Artillery barrages aimed at the Germans had fallen instead on the Americans, and food drops meant for the Americans had landed on the Germans. Pershing’s patience was wearing thin. “I direct that a vigorous effort be made this afternoon to relieve the companies on the left of the 77th Division that are cut off,” he had ordered the morning of Saturday, October 5, 1918.
It was the kind of stern order that the war’s long stalemate had driven commanders to issue—asking their men to make almost suicidal runs into the teeth of the enemy. Eddie Grant was sitting on a stump, coughing from the bronchitis that he could have used as a ticket off the line and barely able to drink a cup of coffee, when word came to move out and rescue the Lost Battalion.
Edward Leslie Grant—in his family he was often called Les—was born in 1883 in the town of Franklin, Massachusetts, halfway between Boston and Providence, the son of a contractor who built many of the Victorian houses that still line its streets today. His baseball career began at a local prep school, DeanAcademy, and continued on the freshman team at Harvard. He was eager to join the varsity—then perhaps the best collegiate team in the nation—when he returned as a sophomore, but word had reached school officials that he had earned $40 plus room and board for a summer playing semipro ball in North Carolina, costing him his intercollegiate eligibility. He played varsity basketball instead, starred on the intramural baseball teams, and grew impatient to graduate and pursue the unique dual career path he envisioned for himself—professional baseball and the law.
“I would respectfully petition to be allowed to take six and one half courses during the first half of the ensuing year,” he wrote to one of Harvard’s deans in September 1904. “I wish to do this as this number will give me just enough for my degree and I may be enabled to enter the LawSchool next year.”
By the end of the spring semester in 1905 he needed but one more course. He read Dante for his Italian class that summer, played semipro ball in nearby Lynn, and made a brief Major League debut. When the Cleveland Indians came to play the Boston Red Sox in August, their star second baseman, future Hall of Famer Napoleon Lajoie, was sidelined with an infected leg, and the team picked up Grant as a substitute. He had three hits in his first game—and “showed promise as a second baseman,” according to the New York Times—but got none in his second, and he returned to Lynn when Cleveland moved on.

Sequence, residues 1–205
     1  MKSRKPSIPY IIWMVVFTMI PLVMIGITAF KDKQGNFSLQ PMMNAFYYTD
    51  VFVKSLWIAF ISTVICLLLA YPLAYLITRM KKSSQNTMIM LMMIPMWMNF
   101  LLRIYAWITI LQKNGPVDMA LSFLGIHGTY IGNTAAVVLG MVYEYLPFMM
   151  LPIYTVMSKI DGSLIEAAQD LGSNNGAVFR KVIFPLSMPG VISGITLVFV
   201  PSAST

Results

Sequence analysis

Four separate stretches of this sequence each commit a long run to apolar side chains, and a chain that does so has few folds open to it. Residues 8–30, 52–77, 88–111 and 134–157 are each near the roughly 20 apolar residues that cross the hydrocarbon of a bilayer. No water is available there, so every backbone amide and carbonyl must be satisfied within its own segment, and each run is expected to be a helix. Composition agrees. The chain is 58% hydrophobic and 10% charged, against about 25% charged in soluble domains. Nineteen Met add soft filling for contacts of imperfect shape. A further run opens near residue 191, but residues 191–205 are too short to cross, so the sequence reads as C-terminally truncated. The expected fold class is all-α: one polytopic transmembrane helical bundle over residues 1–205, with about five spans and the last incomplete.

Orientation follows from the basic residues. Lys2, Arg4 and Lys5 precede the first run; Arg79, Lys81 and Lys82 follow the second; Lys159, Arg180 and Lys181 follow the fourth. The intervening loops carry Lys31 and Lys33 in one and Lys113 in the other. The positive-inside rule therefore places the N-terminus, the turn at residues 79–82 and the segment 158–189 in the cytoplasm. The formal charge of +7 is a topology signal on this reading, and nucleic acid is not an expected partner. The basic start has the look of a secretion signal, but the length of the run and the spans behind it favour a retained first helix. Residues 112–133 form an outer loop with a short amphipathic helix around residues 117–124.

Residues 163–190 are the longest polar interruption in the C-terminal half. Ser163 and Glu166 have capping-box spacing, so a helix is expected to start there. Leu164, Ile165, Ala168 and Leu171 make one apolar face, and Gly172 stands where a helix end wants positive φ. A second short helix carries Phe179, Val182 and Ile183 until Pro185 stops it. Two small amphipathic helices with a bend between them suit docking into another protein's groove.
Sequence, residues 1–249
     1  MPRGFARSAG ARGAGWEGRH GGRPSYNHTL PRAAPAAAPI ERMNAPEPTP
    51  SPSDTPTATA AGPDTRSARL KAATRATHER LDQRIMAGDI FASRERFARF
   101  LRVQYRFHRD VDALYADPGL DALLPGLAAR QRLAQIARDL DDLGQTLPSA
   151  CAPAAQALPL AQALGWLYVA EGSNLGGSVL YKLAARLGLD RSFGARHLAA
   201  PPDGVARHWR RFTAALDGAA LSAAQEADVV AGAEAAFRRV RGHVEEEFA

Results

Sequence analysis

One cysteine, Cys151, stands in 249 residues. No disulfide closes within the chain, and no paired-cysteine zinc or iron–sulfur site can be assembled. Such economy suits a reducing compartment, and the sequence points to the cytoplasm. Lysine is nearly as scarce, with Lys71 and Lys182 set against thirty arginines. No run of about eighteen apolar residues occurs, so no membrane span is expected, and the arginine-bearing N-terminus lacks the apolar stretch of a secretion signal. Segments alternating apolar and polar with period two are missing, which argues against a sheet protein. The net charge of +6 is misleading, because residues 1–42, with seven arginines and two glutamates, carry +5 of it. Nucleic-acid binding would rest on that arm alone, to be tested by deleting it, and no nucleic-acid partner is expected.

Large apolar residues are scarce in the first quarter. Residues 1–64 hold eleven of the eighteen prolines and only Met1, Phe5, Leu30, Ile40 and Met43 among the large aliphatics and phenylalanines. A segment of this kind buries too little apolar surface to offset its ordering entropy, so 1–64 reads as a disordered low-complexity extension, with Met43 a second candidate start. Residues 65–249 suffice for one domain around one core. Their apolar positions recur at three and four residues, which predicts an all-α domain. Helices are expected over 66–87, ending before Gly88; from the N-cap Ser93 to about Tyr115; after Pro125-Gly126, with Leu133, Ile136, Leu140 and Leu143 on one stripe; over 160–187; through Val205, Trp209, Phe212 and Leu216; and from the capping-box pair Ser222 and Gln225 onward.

Grant was a student of modest achievement—just above a C average in that age before grade inflation—and wide interests. He studied Greek, Latin, German and Italian, as well as history and economics; and like all undergraduates, he was bathed in the heady idealism championed by a faculty that had a defining influence on America’s moral and intellectual climate. To pass through Harvard in Grant’s era, as Walter Lippmann, T. S. Eliot and W.E.B. Du Bois did; to study under such intellectual giants as George Santayana, Josiah Royce, William James, Hugo Münsterberg and George Herbert Palmer; to grow to political awareness under the progressive leadership of one of Harvard’s proudest graduates, President Theodore Roosevelt (class of 1880), was to acquire almost inevitably a belief that humanity was evolving toward a more perfect state and that the duty of all individuals was to devote themselves, even to sacrifice themselves if necessary, to that higher cause.
“The social order of the future is neither that of paternalism nor that of individualism, but that of fraternalism,” declared clergyman Lyman Abbot, a baccalaureate speaker at Grant’s graduation in June 1906. “It will be a social order in which each member of society will recognize that the interest of one is the interest of all.” When Grant started law school, one of the first people he befriended was Charles Whittlesey, a tall, bespectacled WilliamsCollege graduate with the same prim schoolmaster’s visage as Woodrow Wilson. They often sat talking on the law school steps, strolled around Cambridge Common and occasionally ventured into Boston together. In the spring of 1906, Grant signed on in the minors with the Jersey City Skeeters and led the Eastern League with a .322 average. The Philadelphia Nationals, also known as the Phillies, signed him in 1907, and by 1908 he was their regular third baseman. By 1909, he was their leadoff batter, with 170 hits, second in the National League.
In those years, baseball was assuming its dimensions as the national pastime. The first World Series had been played just six years earlier, attendance was soaring at new stadiums that were rising everywhere, and “Take Me Out to the Ball Game”—written in 1908—seemed on everyone’s lips. “The ‘mob and hoodlums’ that hurled epithets and missiles at the umpire, that waited with stones outside the ball grounds to make it pleasant for the opposing nine, have passed away,” Pearson’s Magazine noted in 1909. “The ‘rowdies’ who filled the air with profanity, who made the game a slugging match in which brute strength and arrogance were the only assets—they, too, have departed.”
Anew kind of player was emerging, as well, the magazine claimed: “clear-brained, clear-eyed young men” who play the game “on lines that are purely scientific.” Leading examples of these “Transformers of Baseball,” as it dubbed them, were Christy Mathewson, Honus Wagner, Frank Chance, Johnny Evers and the “Harvard man . . . playing third base with the PhiladelphiaNationals,” Eddie Grant.
“There are more college men playing ball every year, but they are no higher type than most of the non-college men,” Grant modestly told Pearson’s.